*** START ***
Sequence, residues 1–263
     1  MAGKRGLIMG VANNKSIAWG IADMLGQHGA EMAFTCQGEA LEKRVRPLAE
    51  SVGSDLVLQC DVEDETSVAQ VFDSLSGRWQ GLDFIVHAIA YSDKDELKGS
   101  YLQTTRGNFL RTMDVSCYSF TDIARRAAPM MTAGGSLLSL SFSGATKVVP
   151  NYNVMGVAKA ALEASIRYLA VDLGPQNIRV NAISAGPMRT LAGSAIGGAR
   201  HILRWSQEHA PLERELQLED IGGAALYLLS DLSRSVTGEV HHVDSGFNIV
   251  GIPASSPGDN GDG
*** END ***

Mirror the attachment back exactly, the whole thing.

Sequence, residues 1–263
     1  MAGKRGLIMG VANNKSIAWG IADMLGQHGA EMAFTCQGEA LEKRVRPLAE
    51  SVGSDLVLQC DVEDETSVAQ VFDSLSGRWQ GLDFIVHAIA YSDKDELKGS
   101  YLQTTRGNFL RTMDVSCYSF TDIARRAAPM MTAGGSLLSL SFSGATKVVP
   151  NYNVMGVAKA ALEASIRYLA VDLGPQNIRV NAISAGPMRT LAGSAIGGAR
   201  HILRWSQEHA PLERELQLED IGGAALYLLS DLSRSVTGEV HHVDSGFNIV
   251  GIPASSPGDN GDG